• Lack of Empathy: Especially this last year, things may have sucked. Let your people know it’s OK not to be OK. Help them. You’ve probably been there too. Saying “Suck it up and keep moving on” isn’t a good approach.
  • No or Minimal Communication: No news isn’t always good news. Rumors can fly. Wrong conclusions drawn. Bad things can happen! Leaders who openly communicate on a frequent and consistent basis keep employees informed and focused. Those who don’t leave their people in the dark.
  • No Culture of Recognition: “Look at what my team did for me and I’ll take all the credit!!” Bad idea my friend. Give credit where credit is due. Create a culture of recognition on your team.
  • No Respect: Rodney Dangerfield famously talked about getting no respect. Those who report to bad leaders feel the same way. Imagine coming to your boss with a concern or idea and being talked down to. How would that make you feel? Disrespected, and probably a whole lotta pissed off!
  • Got Courage?: Tough conversations are, well, tough. As a leader, you need to have them so small issues don’t turn bigger. Instead of the leader having the conversation, they send someone else to do it. Or, it could be an issue with a whole department, or customer, that the leader doesn’t want to handle. Bad situations don’t get better with age. Have the courage to handle them now. The converse is also true; can they allow employees to give them performance feedback?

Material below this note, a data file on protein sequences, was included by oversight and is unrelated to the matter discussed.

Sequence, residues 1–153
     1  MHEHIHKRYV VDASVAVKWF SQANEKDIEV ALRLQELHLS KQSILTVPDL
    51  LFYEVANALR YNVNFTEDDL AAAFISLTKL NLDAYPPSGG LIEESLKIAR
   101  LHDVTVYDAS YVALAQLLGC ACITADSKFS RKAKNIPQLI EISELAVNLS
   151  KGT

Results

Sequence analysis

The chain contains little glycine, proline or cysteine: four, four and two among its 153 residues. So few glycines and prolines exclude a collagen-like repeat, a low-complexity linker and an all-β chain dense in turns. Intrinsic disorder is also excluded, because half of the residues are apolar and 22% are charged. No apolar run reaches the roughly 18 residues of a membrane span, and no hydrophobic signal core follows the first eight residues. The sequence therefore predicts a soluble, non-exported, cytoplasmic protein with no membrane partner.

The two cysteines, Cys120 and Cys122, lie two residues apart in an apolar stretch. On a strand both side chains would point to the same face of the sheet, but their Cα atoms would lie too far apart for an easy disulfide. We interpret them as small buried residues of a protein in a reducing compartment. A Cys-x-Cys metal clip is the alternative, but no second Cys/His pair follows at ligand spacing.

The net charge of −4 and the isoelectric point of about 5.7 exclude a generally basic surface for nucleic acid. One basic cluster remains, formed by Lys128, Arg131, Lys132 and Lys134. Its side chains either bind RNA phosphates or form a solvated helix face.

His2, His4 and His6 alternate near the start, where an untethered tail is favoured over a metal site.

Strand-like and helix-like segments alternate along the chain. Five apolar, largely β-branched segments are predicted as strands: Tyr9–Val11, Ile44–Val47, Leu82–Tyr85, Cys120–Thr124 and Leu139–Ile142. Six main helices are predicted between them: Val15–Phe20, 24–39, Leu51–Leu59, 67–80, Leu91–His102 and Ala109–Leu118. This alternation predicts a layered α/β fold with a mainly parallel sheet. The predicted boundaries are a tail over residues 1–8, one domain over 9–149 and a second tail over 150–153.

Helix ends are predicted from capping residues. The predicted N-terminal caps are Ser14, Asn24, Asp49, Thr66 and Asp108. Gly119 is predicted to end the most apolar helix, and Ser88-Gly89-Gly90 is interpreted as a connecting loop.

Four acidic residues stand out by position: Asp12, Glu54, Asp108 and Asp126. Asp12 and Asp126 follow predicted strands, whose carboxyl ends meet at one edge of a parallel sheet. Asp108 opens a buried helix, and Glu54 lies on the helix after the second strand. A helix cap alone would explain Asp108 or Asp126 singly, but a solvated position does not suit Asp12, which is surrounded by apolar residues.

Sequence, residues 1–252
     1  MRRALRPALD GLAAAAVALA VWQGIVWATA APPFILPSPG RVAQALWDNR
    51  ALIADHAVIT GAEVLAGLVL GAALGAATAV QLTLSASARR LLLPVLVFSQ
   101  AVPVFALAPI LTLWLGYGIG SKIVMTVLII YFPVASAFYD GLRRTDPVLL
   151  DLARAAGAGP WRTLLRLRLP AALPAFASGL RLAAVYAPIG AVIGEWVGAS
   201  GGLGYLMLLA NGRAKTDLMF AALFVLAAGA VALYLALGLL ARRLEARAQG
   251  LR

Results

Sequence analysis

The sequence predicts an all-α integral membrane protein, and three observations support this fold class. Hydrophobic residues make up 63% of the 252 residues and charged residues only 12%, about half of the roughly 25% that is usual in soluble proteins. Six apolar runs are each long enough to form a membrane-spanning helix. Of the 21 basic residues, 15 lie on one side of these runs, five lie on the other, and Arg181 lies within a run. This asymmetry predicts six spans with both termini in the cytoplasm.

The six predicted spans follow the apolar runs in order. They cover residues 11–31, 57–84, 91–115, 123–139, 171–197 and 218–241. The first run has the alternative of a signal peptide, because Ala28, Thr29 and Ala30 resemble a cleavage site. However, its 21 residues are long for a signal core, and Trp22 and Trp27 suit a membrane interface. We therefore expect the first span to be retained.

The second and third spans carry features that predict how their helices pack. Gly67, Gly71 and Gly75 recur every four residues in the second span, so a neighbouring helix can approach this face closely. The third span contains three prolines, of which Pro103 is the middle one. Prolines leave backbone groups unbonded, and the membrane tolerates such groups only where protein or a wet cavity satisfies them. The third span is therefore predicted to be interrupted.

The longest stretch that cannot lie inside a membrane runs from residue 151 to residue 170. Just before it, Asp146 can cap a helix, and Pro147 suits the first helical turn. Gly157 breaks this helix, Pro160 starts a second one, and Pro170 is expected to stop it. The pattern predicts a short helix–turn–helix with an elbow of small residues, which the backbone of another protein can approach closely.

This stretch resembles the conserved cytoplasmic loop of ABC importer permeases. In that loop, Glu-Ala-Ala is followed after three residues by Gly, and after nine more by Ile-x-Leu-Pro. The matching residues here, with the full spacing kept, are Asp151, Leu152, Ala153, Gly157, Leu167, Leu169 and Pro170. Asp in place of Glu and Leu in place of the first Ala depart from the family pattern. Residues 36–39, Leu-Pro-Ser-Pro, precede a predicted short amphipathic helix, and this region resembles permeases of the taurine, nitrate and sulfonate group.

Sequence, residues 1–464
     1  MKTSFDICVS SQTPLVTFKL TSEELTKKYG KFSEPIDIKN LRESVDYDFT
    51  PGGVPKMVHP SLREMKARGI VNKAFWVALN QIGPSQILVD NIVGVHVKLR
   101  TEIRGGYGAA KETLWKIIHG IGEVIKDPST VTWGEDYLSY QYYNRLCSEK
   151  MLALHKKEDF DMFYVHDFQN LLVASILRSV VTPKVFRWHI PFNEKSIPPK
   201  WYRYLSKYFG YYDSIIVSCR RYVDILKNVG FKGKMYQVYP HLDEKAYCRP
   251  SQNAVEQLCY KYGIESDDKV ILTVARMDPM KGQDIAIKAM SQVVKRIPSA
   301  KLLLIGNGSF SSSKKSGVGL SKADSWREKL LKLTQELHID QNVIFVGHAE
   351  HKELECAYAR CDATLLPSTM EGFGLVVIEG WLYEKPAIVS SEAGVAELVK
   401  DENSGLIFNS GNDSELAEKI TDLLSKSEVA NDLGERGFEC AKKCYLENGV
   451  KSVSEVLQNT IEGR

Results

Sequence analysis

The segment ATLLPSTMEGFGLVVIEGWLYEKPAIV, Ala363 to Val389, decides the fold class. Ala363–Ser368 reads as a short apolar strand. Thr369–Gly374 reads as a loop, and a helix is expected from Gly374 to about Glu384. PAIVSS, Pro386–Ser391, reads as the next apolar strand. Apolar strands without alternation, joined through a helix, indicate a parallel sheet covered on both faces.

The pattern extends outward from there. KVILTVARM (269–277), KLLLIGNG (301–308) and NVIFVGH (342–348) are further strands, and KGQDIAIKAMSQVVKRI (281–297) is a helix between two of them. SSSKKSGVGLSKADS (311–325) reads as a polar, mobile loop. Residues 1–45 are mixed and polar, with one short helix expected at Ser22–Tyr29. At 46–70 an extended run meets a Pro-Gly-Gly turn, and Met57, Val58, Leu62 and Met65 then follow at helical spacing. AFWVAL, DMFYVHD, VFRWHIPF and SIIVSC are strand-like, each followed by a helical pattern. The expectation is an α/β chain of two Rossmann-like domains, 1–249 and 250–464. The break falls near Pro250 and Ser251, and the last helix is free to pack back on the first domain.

• Little Self-Awareness: As a leader, you need to know yourself. I know, easier said than done. Understand what some “triggers” are and how you react. Leaders that don’t have self-awareness can blow up in emotionally charged situations.
  • Unable to Pivot: When COVID hit, many companies were in turmoil. Leaders who could quickly pivot fared better than those set in their ways. They trusted their people to continue to get work done. I know a couple leaders who are “asses in chairs in the office” people. Wow, did they struggle!
  • Crappy Listener: As a leader, if an employee comes to you and you’re trying to listen while multi-tasking, you’ll miss what they’re saying and won’t ask good clarifying questions. Put down all distractions and LISTEN!
  • No Accountability: Leaders own their commitments and promises. If they commit to do something, it’s a priority. Those with no accountability will say they’ll get to it, but don’t commit to a timeframe and probably won’t get it done. Employees will figure that out quick.
  • Little to No Honesty or Integrity: I saved the best for last (in my opinion anyway). They tell lies (or at least bend the truth) so as not to look bad in front of others. Maybe if they’re honest and vulnerable, they’ll feel to appear weak. They’re OK telling little white lies and may even tell people that occasionally. During the pandemic, these leaders were beside themselves because they couldn’t see what their people were doing and constantly asked for updates because they didn’t trust work was being done. Whatever the cause, if employees can’t trust their leaders, they’ll probably be gone!

If you see your coworkers leaving your company now, it’s possible they decided months ago to call it quits. They’re just telling you now. Maybe that person is you! In any case, good people leave often because of bad leadership.